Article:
Jagger is married and has five children. Through his brother Mick, he also has four nephews and four nieces, among them Jade, Elizabeth and Georgia May; six grandnephews or grandnieces; and three great-grandnieces.




  • 1973 : You Know the Name But Not the Face
  • 1973 : Chris Jagger (US #186)
  • 1974 : The Adventures of Valentine Vox the Ventriloquist
  • 1994 : Atcha
  • 1995 : Rock the Zydeco (U.S. edition of Atcha)
  • 1996 : From Lhasa to Lewisham
  • 2001 : Channel Fever
  • 2006 : Act of Faith
  • 2009 : The Ridge
  • 2013 : Concertina Jack
  • 2014 : Chris Jagger's Acoustic Roots
  • 2017 : All The Best


  • 1976 : Eric Clapton : No Reason to Cry (vocals)
  • 1997 : Knights of the Blues Table - one track: Racketeer Blues (with Mick Jagger on harmonica)
  • 2003 : Rick Payne : Sessions - one track: Blue Eyes Crying
  • 2005 : Edith Lefel : Mèci - one track: L'isine Fémin
  • 2007 : Whatever Colors You Have in Your Mind (tribute to Bob Dylan) - one track: To be alone with you
  • 2008 : Flipron : Gravity Calling (vocals)
  • 2009 : Thank You, Georges! (tribute to Georges Brassens) - one track: First Love (La Première Fille)
  • 2010 : Mustique Blues Festival[14] - one track: Evil




  • 1979 : BBC2 Playhouse - 1 episode : Standing in for Henry
  • 1980 : Shoestring - 1 episode : Find the Lady

Bands and musiciansEdit

Atcha Acoustic (1996)Edit

  • Chris Jagger : guitar, harmonica
  • Charlie Hart : fiddle, accordion
  • Ben Waters : piano

Chris Jagger's Atcha!Edit

  • Chris Jagger : guitar, harmonica, washboard
  • Charlie Hart : fiddle, accordion, piano, bass, double bass
  • Malcolm Mortimore : drums
  • Jim Mortimore : bass, guitar, double bass

The first version of the band also included Paul Emile on bass,
Jim Mortimore being on guitar.

Chris Jagger's Acoustic TrioEdit

  • Chris Jagger : guitar, harmonica
  • Elliet Mackrell : fiddle, didgeridoo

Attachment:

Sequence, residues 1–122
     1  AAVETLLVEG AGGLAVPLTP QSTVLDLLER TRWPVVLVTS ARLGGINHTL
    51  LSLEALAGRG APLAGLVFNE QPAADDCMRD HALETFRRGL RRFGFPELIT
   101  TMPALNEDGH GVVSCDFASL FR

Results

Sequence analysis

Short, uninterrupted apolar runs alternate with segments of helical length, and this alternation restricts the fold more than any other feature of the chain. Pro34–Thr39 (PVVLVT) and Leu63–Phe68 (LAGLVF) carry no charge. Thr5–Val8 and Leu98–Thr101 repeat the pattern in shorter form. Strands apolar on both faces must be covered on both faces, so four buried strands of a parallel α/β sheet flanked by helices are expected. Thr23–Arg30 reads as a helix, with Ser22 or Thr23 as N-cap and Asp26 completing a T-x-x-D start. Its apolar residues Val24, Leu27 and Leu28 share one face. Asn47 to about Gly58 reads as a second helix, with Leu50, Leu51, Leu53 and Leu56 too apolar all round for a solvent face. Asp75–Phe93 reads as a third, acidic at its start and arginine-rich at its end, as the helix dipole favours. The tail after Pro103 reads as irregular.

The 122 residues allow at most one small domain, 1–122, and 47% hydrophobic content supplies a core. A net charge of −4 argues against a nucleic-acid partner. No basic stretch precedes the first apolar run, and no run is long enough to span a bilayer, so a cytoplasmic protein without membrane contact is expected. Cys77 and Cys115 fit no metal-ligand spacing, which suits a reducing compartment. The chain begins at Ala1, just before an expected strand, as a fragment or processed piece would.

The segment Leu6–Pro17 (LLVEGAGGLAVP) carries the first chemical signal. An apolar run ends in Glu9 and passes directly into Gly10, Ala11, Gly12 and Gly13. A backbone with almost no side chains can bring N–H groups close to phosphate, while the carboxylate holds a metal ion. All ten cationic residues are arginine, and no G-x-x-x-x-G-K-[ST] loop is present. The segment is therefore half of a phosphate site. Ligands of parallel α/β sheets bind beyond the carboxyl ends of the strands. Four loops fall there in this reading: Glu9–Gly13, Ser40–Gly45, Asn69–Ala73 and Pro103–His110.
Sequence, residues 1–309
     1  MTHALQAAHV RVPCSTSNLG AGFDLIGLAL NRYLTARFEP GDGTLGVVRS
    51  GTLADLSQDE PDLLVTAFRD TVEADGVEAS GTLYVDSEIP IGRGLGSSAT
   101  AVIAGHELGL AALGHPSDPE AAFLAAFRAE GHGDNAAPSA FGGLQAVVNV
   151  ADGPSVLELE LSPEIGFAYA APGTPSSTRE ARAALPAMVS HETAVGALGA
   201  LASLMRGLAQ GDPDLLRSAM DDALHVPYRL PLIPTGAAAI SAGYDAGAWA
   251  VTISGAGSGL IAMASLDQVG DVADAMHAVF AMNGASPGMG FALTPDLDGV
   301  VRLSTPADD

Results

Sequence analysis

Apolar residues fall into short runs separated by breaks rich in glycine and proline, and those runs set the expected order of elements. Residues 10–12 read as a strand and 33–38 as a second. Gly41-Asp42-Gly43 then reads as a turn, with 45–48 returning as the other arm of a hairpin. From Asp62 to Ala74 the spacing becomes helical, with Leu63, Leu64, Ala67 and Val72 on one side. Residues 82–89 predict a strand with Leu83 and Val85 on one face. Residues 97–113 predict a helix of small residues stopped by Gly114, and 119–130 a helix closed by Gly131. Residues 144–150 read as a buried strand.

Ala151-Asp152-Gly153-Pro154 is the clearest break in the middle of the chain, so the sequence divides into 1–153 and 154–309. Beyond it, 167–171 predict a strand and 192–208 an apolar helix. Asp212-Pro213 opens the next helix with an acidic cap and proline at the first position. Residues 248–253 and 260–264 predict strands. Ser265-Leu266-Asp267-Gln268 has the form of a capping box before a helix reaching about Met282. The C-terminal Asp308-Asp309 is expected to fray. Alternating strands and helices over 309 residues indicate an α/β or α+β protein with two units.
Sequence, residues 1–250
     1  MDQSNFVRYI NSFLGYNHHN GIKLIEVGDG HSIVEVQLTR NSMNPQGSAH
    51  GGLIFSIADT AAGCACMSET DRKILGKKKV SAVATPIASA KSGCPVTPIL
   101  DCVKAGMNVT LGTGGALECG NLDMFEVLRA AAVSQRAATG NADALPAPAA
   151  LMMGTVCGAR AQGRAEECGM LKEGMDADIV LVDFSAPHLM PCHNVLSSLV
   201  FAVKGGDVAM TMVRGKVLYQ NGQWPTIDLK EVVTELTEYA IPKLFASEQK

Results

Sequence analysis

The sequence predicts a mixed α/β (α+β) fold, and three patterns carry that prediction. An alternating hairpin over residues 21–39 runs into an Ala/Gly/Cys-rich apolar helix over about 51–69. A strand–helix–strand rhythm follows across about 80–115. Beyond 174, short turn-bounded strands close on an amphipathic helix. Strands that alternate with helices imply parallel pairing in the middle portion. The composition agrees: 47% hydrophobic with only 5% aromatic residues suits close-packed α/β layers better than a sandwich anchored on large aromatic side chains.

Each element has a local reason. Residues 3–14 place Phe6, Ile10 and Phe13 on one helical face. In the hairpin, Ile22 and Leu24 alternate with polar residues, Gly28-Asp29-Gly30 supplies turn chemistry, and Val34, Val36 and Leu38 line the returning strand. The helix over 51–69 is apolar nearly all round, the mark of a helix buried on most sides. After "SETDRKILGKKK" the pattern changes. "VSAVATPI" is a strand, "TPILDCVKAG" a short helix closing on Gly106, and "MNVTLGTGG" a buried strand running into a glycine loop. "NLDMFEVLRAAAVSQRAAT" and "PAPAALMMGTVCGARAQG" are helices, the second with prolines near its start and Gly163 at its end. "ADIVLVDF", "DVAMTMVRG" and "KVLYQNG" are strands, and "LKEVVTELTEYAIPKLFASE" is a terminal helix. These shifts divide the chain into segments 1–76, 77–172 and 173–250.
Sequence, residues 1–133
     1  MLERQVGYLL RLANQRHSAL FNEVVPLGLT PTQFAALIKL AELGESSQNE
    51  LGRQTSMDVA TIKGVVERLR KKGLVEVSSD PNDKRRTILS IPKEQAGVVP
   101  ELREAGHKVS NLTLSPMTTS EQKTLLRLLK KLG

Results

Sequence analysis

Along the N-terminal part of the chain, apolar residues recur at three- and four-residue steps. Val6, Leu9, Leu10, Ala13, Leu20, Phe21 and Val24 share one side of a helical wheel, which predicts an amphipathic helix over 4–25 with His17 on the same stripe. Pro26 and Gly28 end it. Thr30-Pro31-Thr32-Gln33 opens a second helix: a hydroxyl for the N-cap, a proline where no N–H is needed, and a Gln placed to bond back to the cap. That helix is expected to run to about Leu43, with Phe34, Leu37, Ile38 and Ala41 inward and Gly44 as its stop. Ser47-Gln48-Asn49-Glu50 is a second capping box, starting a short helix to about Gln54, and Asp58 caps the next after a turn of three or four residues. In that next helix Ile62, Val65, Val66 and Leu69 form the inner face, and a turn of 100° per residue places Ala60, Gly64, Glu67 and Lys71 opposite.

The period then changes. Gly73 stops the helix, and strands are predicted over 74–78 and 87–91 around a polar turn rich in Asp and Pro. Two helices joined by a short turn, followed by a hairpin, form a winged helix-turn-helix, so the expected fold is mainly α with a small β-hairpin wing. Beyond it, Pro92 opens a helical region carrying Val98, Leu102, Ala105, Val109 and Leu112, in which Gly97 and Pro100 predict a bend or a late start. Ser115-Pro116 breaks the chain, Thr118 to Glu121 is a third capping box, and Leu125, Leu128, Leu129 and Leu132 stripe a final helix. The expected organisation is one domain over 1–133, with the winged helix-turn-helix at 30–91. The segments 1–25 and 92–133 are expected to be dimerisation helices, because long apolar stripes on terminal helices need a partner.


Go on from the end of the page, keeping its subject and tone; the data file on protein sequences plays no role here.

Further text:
• David Hatfield : double bass

Apart from the band members, contributions also came from several artists such as
Ed Deane, Dave Stewart, David Gilmour (guitar), Mick Jagger or Sam Brown (vocals). Steve Laffy has also played drums with Chris on many occasions.


  1. ^ "Chris Jagger : People say : Why can't your brother Mick support you ?". The Independent. London. 10 July 2004.
  2. ^ "Chris Jagger : He knows he's not Mick (but he likes it)". Time. 23 April 2011. Archived from the original on 7 August 2011. Time, 23 April 2011
  3. ^ Anon. "Baptism entry for Mick Jagger, rock musician, from the registers of Dartford St. Alban for 6 October 1943". Medway City Ark Document Gallery. Medway Council. Archived from the original on 5 August 2009. Retrieved 17 September 2009.
  4. ^ "Ancestry of Mick Jagger". Archived from the original on 2 December 2010. Retrieved 5 May 2011.
  5. ^ Barratt, Nick (24 November 2006). "Family detective: Mick Jagger". The Daily Telegraph. London. Archived from the original on 19 January 2012. Retrieved 5 May 2011.
  6. ^
  7. ^ "Chris Jagger on Apple Mujsic". Retrieved 4 April 2021.
  8. ^ "Chris Jagger biography". Archived from the original on 5 September 2011. Retrieved 20 November 2011.
  9. ^ "Chris Jagger Biography". 19 December 1947. Archived from the original on 2 March 2012. Retrieved 20 November 2011.
  10. ^ "Mick Jagger duets with singer brother on new album". MSN Music. WENN. 6 December 2013. Archived from the original on 2 July 2014. Retrieved 28 October 2016.
  11. ^ "Chris Jagger lockt Nena nach Verden". Retrieved 30 April 2018.
  12. ^ "Nichts versäumt tour 2018". (in German). Laugh and Peas Lifestyle and Entertainment GmbH. Retrieved 30 April 2018.
  13. ^ "Chris Jagger ... ... Discography". Archived from the original on 11 January 2012. Retrieved 20 November 2011.
  14. ^ "Basil's Bar". 10 February 2010. Archived from the original on 17 September 2011. Retrieved 20 November 2011.
  15. ^ "Chris Jagger". Archived from the original on 19 February 2017. Retrieved 28 October 2016.
  16. ^ "Jagger Peyton". Jagger Peyton. 8 November 2010. Archived from the original on 21 February 2012. Retrieved 20 November 2011.

External linksEdit